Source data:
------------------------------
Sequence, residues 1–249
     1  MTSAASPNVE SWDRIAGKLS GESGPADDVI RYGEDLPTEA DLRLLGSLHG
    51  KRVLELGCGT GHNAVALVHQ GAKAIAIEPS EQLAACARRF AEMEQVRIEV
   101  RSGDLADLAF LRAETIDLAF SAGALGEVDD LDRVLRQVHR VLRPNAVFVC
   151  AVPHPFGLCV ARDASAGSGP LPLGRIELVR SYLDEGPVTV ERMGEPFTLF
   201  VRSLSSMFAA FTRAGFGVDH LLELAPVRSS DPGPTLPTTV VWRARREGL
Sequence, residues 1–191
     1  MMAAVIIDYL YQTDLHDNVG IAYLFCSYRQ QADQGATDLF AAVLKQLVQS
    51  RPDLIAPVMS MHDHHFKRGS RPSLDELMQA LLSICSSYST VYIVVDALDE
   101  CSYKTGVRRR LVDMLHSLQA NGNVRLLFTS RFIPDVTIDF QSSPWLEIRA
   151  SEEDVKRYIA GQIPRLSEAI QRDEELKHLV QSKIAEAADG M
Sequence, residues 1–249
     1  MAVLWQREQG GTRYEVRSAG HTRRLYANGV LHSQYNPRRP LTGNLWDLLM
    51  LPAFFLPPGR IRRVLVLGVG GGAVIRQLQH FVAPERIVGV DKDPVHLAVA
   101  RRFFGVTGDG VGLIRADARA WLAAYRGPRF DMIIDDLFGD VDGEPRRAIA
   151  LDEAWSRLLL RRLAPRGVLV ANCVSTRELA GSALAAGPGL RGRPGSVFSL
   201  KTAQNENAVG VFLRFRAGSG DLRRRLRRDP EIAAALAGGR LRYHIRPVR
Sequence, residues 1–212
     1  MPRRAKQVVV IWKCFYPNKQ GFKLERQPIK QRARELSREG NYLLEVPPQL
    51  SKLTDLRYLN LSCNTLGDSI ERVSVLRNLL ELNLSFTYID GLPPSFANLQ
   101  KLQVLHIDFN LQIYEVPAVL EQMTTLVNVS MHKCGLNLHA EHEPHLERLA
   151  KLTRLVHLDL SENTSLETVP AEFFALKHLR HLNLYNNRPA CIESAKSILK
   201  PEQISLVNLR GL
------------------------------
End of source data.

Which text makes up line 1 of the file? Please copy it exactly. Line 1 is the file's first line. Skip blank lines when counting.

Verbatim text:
Sequence, residues 1–249